During NBC's coverage of Simone Biles' withdrawal this week, the network has ignored "the role it may have played in creating the conditions for Biles’ sudden exit," says Justin Peters. "As per its cyclical mandate to give casual American sports fans one or two big-name U.S. Olympians for whom to root, NBC has effectively turned the Tokyo Games into the Simone Biles Games. In the run-up to the Olympics and during the first few days of competition, you could hardly visit any NBC-branded property without encountering some sort of coverage of Biles, her chances for matching or exceeding her memorable Rio performance, and her uncharacteristic stumbles in the Olympic trials and in the qualifying rounds. The American gymnastics squad is filled with immensely talented and likable athletes. As far as NBC is concerned, though, there’s Simone Biles, and then there’s all these other people who just happen to be on her team." Peters adds: "As the leading promoter of the Olympics in the U.S., it is a bit rich for NBC to report on the psychological pressures faced by Biles without also reflecting on the ways in which its choice to make Tokyo the Simone Games surely intensified those pressures. It’d be sort of like if your boss announced to an auditorium filled with your co-workers that the fate of the company was riding on your work output, and then took you aside to sympathetically observe that you looked stressed, and that the key to happiness was a healthy work-life balance. While I cannot blame NBC for featuring Biles as its star attraction, the network ought to be able to candidly assess and admit the ramifications of its own wall-to-wall coverage. Simone Biles made herself a champion. NBC tried to make her into a superhero. The fact that she chose to reject the cape should prompt a reevaluation of the process by which it was sewn for her in the first place. The job of creating quadrennial TV sports heroes isn’t an easy one. The discontinuous nature of the Olympics means that casual fans don’t have many opportunities to develop deep rooting interests in most of the sports therein. As such, most people really do rely on NBC and its affiliates to curate a roster of superstars to cheer for and complain about. This is the reason why NBC focuses so intensely and unflinchingly on five or six people each games. With only two-and-a-half weeks to work with, the network needs to go overboard drumming it into your head that these are the people to watch. For the people being watched, though, this sudden, inescapable pressure and attention can be an incredibly alienating experience. Unlike basketball, football, and baseball players in the United States, elite Olympic athletes like Biles do not exist under a continuous microscope. Outside of their sports’ superfans, most Americans watch them intensely for a couple of weeks every four years, and then basically don’t think about them unless they appear in a Subway commercial or their sport makes the news for its abusive practices. We put all this pressure on them to perform, and then feign confusion when they cite all that pressure as the reason why they didn’t perform."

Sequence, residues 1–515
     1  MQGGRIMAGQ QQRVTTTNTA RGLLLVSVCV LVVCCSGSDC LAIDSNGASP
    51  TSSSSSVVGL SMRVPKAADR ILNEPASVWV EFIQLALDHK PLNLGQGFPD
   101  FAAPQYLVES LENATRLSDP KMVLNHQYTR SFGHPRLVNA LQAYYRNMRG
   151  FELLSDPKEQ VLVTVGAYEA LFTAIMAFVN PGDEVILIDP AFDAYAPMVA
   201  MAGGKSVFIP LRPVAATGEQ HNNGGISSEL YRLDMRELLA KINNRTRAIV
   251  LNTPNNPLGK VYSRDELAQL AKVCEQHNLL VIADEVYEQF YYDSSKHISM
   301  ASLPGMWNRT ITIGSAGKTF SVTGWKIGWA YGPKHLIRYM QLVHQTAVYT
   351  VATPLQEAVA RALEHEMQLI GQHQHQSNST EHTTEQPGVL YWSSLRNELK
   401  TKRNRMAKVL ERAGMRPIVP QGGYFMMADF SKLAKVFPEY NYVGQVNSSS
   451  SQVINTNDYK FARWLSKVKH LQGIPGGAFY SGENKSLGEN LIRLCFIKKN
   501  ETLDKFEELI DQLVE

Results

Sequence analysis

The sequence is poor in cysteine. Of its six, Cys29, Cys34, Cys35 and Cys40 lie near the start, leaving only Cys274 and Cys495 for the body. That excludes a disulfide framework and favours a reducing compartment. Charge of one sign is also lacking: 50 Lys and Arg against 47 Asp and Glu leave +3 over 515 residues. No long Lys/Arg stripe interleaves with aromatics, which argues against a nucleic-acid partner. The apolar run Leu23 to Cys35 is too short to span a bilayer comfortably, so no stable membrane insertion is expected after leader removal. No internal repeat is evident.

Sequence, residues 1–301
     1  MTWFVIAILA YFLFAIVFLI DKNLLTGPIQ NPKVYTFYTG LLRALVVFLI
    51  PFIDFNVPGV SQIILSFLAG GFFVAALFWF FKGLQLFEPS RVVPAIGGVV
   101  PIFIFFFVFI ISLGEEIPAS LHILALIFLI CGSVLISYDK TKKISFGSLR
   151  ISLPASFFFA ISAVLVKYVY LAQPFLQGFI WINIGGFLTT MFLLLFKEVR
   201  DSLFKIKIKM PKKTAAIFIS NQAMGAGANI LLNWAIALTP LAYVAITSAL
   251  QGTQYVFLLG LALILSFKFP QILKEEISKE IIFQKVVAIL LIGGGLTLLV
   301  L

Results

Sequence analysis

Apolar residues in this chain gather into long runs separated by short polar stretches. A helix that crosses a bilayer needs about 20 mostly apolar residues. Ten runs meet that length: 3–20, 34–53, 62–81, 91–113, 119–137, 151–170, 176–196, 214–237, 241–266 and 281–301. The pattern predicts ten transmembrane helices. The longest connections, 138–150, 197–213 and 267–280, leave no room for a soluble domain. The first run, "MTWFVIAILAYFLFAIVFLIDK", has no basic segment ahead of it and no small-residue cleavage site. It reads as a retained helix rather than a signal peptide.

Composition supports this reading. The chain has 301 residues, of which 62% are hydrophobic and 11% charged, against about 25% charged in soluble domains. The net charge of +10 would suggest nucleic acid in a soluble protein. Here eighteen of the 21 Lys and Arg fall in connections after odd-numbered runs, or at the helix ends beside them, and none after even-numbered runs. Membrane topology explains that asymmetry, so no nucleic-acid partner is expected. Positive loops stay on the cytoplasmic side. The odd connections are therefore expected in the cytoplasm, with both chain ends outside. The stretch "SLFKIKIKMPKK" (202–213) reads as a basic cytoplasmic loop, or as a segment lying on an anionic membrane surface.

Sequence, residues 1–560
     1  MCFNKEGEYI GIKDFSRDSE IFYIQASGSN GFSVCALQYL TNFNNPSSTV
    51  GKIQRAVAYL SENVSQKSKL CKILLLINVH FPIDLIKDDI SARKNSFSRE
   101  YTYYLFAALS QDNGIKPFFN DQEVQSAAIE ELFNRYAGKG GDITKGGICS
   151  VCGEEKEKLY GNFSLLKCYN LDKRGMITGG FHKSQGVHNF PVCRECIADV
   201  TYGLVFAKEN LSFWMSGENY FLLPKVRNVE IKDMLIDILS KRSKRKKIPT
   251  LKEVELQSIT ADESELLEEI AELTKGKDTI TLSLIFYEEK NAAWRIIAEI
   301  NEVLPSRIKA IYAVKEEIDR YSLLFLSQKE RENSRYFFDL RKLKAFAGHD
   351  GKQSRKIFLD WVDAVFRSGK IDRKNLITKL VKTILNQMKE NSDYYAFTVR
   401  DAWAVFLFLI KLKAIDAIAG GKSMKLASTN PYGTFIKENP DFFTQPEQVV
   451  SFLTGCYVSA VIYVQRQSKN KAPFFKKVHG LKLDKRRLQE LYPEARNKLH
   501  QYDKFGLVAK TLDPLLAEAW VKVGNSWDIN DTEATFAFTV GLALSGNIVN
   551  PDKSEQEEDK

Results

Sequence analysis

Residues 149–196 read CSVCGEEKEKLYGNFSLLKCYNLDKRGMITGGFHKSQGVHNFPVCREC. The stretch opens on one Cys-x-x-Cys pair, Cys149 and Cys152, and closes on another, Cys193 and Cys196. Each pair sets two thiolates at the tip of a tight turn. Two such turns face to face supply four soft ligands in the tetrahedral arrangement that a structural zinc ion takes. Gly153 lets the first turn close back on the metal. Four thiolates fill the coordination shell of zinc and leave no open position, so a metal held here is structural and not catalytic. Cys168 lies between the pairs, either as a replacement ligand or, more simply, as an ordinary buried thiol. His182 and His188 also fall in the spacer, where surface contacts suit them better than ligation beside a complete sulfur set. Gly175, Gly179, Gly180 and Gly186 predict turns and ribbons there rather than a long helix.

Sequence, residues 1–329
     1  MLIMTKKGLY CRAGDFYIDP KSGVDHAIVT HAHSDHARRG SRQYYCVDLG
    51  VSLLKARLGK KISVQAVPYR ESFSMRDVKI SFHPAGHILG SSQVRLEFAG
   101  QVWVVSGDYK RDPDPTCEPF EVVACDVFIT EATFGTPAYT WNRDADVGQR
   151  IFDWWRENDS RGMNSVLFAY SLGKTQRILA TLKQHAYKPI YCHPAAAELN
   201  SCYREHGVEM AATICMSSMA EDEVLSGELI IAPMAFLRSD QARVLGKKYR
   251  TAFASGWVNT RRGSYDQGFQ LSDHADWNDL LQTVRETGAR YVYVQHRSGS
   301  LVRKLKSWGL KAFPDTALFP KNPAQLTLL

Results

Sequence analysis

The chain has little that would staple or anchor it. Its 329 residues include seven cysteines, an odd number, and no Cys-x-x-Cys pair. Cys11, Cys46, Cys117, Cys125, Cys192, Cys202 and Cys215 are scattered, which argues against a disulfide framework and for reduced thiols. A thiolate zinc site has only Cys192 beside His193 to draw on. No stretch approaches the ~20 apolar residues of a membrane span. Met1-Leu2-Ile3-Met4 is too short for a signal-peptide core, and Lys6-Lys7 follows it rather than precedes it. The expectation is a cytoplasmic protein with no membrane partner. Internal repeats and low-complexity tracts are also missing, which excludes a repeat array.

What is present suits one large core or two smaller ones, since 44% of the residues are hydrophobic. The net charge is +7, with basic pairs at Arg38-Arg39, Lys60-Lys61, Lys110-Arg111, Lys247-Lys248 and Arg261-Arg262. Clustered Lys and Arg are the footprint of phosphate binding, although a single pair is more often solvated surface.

Does watching the Olympics make you a bad person?: "The Olympic Games in Tokyo have been even more fraught than usual with ethical issues," says Sasha Mudd. "Alarm over the rising number of Covid-19 cases and the Games’ deep unpopularity with Japanese people sit atop perennial concerns about corruption, cheating, the abuse of athletes and the environmental impact of mounting such an enormous event. These problems have fueled debate, hand-wringing and even demands to end the Olympics altogether. Despite all that, the Games are underway, and for most of the world’s population, there is only one moral decision left to make: To watch or not to watch? If you are one of the many who view the actions of the International Olympic Committee, the television stations and sponsors, and the nations competing as morally wrong, is it ethical for you to tune in? Of course, viewers aren’t watching the Games to intentionally endorse a corrupt system or the idea of profit over public health. They’re watching to celebrate our common humanity, to be awed by athletic excellence and to witness the drama of Olympic dreams being dashed or realized. But by opting to watch the Olympics, do we give a tacit thumbs-up to the entire spectacle, ethical problems and all? At the heart of this worry is the idea that merely by choosing to be entertained by something that involves wrongdoing, we become complicit in it. But just how worried should we be? To answer this question, the idea of complicity needs unpacking."